Saturday, May 24, 2014

A Tale of Two Cities: Searcy and Boulder

I've just finished the first week of my summer position as a software developer at Flatirons Solutions in Boulder, Colorado. My family and I drove up from Arkansas on Sunday, and I started Monday morning. Everyone at Flatirons has been very friendly and helpful, but it's been a sharp learning curve getting up-to-speed. I spent the entire week getting familiar with the system I'll be working on, reading system documentation, learning about 10 new technologies or tools, and figuring out how things are done at Flatirons. I have yet to contribute anything, but hopefully next week that will change.

Our living situation has also been a bit of an adjustment. Moving from a house to a small two bedroom apartment has had its challenges. We got spoiled living in Arkansas in our own home where our kids could be loud and play in our back yard. Now we have to be quiet or anger the neighbors below, and there's no yard to speak of. We also have a very busy street just 30 feet away from our front door, so we've had to get used to much more noise and foot traffic.

What has been most notable is the change in culture from Searcy to Boulder. Both cities have that college town feel, but that is about where the similarities end. Searcy is small (population 20K), conservative, largely Christian, and enjoys a low cost of living. Boulder is large (100K), very liberal (some call it "the San Francisco of Colorado"), religiously diverse, and ridiculously expensive (49% higher than Searcy). Searcy is hot and humid, Boulder is a mile above the ocean and very dry.

Boulderites are a very healthy bunch whereas Searcians like their fried Southern cuisine (Colorado has the lowest state obesity rate, and Arkansas has the 7th highest). In Searcy you are lucky to see one person a day riding their bike; you will easily run over a biker in Boulder if you blink. I've never seen so many people walking, running, or biking.

Boulder is also well-known for their environmentalism. You will get a "look" at the grocery store if you show up without your own bags, and many vehicles are gas-sippers. The Searcy grocer will double-bag practically everything, and SUVs and enormous trucks dominate the roads in Searcy.

What I really enjoy about Boulder is the beauty. It lies just east of the Flatirons, a beautiful range of mountains that can be seen from our apartment. We went hiking this morning beginning at Chautauqua Park and soaked-up the beauty that God has created. Searcy has its beautiful places as well, but it's not quite in the same league.

One week down, nine more to go!

Wednesday, May 14, 2014

Off to Boulder

This summer I'll be working at Flatirons Solutions in Boulder, Colorado. I'm very excited by this opportunity to take a break from doing research and spend some time developing software and learning new tools and techniques that I can incorporate back into the classroom. I grew up in Denver, so I'll have the opportunity to see lots of old friends; my kids will get to see where their dad grew up.

I hope to blog some about my experiences in Boulder, so stay tuned.

Sunday, May 11, 2014

An Andrid app that logs into Pipeline

As I stated in an earlier post, I taught an Android course this semester, and one team created an app called HU Pal that gives students access to their class schedule and chapel attendance information. This info is normally locked in an online system called Pipeline which requires users to login with a username and password. Once you have given HU Pal your username and password, it logs into Pipeline automatically and scrapes the information from a couple of web pages.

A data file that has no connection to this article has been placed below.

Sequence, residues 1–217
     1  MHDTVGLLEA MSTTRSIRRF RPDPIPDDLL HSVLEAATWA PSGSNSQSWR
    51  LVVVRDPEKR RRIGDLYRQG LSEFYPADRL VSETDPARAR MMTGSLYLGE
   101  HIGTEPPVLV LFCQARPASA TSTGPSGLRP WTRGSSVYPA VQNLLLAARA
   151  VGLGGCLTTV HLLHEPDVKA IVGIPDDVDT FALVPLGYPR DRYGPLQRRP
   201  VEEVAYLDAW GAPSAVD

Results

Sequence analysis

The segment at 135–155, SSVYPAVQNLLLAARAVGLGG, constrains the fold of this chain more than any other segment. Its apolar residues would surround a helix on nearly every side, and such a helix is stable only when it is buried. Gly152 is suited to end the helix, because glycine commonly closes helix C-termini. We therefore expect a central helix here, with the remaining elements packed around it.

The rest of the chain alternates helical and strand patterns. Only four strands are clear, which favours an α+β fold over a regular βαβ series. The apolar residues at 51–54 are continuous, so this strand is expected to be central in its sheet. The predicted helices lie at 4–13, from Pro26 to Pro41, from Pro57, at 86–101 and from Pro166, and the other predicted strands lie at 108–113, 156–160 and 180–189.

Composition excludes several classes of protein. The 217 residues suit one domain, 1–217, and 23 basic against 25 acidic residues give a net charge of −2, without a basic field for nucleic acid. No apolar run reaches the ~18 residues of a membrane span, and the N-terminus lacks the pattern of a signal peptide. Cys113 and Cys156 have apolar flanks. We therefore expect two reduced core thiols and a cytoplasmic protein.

Brent Ward, one of the developers of the HU Pal app, wrote a document detailing how they created their app to login to Pipeline and screen-scrape personal information from web pages using jsoup. You can download the document here. Although the information in the document is specific to Pipeline, the techniques they describe can be generalized to any online system that requires user authentication.

Friday, May 02, 2014

Android Showcase 2014

This semester I taught an Android App Development course for upper-level computer science students. This is the second time I've taught this class. Nineteen students were placed into six teams. Each team came up with their own idea for an Android app and created a final beta that was evaluated by their peers:

CrashPad: Rent an apartment or check your apartments that are being rented.
EatSmart: Track your dietary intake in the Harding Cafeteria.
HevaHavoc: Unique paddle game that uses the accelerometer to control the paddles.
HU Pal: See your class schedule, check your chapel attendance, and show a campus map.
Puzzle 15: Customize the background of a 15 puzzle game with any photo.
Pentago: Play the game of Pentago against the computer or another human.

None of these apps are currently available to the public, but a few students said they were going to work on them some more and eventually make them available on the Android Play store.

Last night we had an Android Showcase in the Rhodes Field House along with the CS and Engineering Capstone courses. Thane, David, and Brent (pictured below) were given the award for the app receiving the best peer evaluations (HU Pal).

Overall I am quite pleased with how the projects turned out. I think most of my students would say they learned a lot about developing a successful app, even if their app fell short of what they hoped it would be. Most of the teams worked well together although there was a little friction which is to be expected. This is the only class where I force my students to work in teams, but I think the experience will prove valuable to them as they are forced to work in teams in their future professions.